|First Parish Universalist Church
790 Washington Street, P. O. Box 284, Stoughton, Massachusetts 02072
|Worship: 10:30 AM
Children's Chapel: 10:30 AM
Church School: 10:45 AM
The Power of Silence
Rev. Jeffrey Symynkywicz, December 12, 9999
Certainly, the winter season that now stands before us has its own choicest blessings to offer us:
The darkness of the early winter morn is beautiful
The darkness of the early winter morn is beautiful
So let it be with us:
The darkness of winter is not some phantom haunting our days. It is, rather, a holy and awesome mystery.
And so is the stillness, the quiet, surrounded by that darkness:
"This word is a hidden word," wrote the great mystic Meister Eckhart, "and comes in the darkness of the night." He goes on:
"To enter this darkness
"Nothing in all creation is so like God as stillness," wrote Eckhart. His words are echoed, it seems, of those of a more modern mystic, Thomas Merton:
"Love winter when the plants say nothing," Merton wrote. And:
"I said to my soul, be still," wrote T.S. Eliot.
"...be still, and let the dark come upon you
For as the Psalmist wrote:
"Nothing in all creation is so like God as stillness," wrote Merton. And, in the words of Rilke: "I feel closer to that which language cannot reach."
Silence (like darkness) is the absence of images, the absence of projections. When we enter into silence, we let go of our images-- our creeds-- our paradigms-- our metaphors-- our systems-- our five-year plans-- and let the cosmos speak to us. When we have pealed away all of our language-- all of our intellectualization and rationalization-- we come face to face with those deeper truths which are beyond all human categories. Face to face with that ground and source of Being that many of us would call God.
We are, in our modern world, so overwhelmed by visual images and auditory stimulation (by noise) that sometimes, it's hard to imagine letting go of all this and just letting silence be silence. We are so overwhelmed, day in, day out, by flashing lights and blaring sirens and the television's glow and the radio's boom-- that is it any wonder we so crave and yearn for just a few moments of (inner and outer) peace and quiet?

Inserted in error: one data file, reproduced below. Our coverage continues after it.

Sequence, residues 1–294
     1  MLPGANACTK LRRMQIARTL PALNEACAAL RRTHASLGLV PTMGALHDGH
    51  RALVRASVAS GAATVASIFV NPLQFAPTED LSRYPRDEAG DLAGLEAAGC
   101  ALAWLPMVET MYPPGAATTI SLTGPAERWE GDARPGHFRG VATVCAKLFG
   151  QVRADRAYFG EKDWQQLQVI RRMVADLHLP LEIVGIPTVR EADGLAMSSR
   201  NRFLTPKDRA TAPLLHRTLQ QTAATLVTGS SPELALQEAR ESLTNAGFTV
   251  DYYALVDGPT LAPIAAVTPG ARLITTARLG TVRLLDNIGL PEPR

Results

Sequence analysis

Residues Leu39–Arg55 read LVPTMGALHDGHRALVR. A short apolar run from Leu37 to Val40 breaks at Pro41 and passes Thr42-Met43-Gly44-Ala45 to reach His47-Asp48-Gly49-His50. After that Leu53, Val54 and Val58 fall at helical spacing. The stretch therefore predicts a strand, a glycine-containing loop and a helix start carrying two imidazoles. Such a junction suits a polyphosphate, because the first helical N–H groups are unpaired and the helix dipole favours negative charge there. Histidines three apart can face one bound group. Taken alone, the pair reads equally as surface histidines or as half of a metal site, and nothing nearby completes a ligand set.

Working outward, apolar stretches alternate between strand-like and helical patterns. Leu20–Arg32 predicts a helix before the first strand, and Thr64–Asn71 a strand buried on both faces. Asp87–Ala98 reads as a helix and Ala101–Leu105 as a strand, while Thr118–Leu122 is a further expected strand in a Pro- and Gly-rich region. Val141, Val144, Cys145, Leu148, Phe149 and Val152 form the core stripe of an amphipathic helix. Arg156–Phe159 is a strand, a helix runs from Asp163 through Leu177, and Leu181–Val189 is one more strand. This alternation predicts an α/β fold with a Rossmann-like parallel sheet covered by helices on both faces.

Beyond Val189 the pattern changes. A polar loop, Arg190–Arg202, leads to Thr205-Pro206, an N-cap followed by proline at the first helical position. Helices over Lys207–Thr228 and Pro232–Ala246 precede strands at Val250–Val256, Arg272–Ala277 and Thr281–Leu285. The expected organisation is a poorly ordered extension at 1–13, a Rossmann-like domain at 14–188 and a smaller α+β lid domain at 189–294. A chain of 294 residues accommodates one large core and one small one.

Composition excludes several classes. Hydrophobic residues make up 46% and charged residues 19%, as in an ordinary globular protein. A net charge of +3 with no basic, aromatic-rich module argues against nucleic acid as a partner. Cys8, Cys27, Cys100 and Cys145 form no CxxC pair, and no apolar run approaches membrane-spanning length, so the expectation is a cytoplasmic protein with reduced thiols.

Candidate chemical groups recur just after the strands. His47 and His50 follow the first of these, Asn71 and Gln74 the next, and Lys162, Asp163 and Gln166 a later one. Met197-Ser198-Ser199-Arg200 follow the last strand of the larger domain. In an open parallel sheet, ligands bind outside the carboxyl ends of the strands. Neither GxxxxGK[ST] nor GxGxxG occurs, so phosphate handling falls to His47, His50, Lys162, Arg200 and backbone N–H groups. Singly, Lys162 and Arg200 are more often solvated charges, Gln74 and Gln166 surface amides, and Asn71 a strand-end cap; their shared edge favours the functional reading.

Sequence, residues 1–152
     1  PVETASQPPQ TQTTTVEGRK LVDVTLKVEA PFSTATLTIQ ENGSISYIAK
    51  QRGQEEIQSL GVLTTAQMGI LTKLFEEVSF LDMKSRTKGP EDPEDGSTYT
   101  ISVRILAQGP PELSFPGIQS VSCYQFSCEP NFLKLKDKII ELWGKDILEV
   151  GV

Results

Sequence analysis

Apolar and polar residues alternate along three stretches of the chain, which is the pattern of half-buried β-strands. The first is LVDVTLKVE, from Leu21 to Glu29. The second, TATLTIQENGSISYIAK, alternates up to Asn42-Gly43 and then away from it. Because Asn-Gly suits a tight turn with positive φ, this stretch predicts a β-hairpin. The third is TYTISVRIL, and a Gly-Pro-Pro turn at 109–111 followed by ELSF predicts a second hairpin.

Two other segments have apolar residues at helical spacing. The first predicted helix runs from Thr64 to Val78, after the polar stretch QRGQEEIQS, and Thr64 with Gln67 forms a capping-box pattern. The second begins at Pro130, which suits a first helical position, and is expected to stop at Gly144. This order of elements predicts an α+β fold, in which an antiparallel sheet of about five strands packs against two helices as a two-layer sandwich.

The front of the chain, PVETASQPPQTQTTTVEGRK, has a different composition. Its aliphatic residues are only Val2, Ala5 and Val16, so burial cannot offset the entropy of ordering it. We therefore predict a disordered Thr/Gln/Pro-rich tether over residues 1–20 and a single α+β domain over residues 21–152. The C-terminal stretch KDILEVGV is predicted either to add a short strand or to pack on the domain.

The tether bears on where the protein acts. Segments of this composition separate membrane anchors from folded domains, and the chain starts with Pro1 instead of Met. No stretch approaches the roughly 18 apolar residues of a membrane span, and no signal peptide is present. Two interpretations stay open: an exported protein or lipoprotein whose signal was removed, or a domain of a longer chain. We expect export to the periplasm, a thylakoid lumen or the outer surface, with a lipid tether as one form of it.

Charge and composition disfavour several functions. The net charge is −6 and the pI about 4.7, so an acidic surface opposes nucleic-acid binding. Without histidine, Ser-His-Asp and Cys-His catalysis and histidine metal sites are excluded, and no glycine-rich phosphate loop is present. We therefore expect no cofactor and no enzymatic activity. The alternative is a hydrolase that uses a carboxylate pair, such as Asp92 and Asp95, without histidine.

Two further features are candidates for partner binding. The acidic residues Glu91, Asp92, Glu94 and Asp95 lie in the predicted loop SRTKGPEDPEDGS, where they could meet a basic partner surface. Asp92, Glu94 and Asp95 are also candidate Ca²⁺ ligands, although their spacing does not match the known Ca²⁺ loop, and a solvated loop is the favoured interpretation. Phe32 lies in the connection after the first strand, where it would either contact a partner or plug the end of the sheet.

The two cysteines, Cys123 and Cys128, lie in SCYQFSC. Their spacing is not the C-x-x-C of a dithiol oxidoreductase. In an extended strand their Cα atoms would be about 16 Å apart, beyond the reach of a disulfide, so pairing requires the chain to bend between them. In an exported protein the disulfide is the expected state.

"Letting go of busyness and allowing silence to be silence means letting go of the busy work of projecting," writes Matthew Fox. This is not easy, he admits. It flies in the face of who we think we "ought" to be as modern busy, busy, active modern men and women. But, Fox goes on:
"We are indeed capable of such blankness, emptiness, silence. But we need to desire it deeply, to pray for it, and even to let this letting go become our prayer." So Meister Eckhart once confessed that he "prayed God to rid me of God". He knew that we can't empty ourselves of our projections and images of the Divine (all limited as they are by our language and experience) if we dwell too long, and cling too long, and focus too much on them.
As one theologian has put it: "One does not let go of a pink elephant in one's head by trying to let go of a pink elephant in one's head." Or, you might remember the character in the movie Ghostbusters who just couldn't get rid of the image of the Stay-Puff Marshmallow Man in his head-- because he kept thinking of how much he wanted to get rid of the image of the Stay-Puff Marshmallow man! Substitute the pictures most of us have of God for the Stay-Puff Marshmallow Man (not so difficult to do in some cases, really), and you'll see something of the problem we have as religious women and men. To reach God, we have to let go of our small and limited visions of God. To hear God's voice, we have to be still, and enter into deep, profound, powerful silence.
This, obviously, represents a major change from how we live our 9 to 5 lives, Monday through Saturday. It also represents a major change from the way most of us "do" religion on Sunday, as well. Maybe the Society of Friends, or Quakers, have it right with their practice of "waiting on the Lord"-- their worship services of sitting in silence for extended periods, punctuated only when a member feels inspired by God to share something with the group.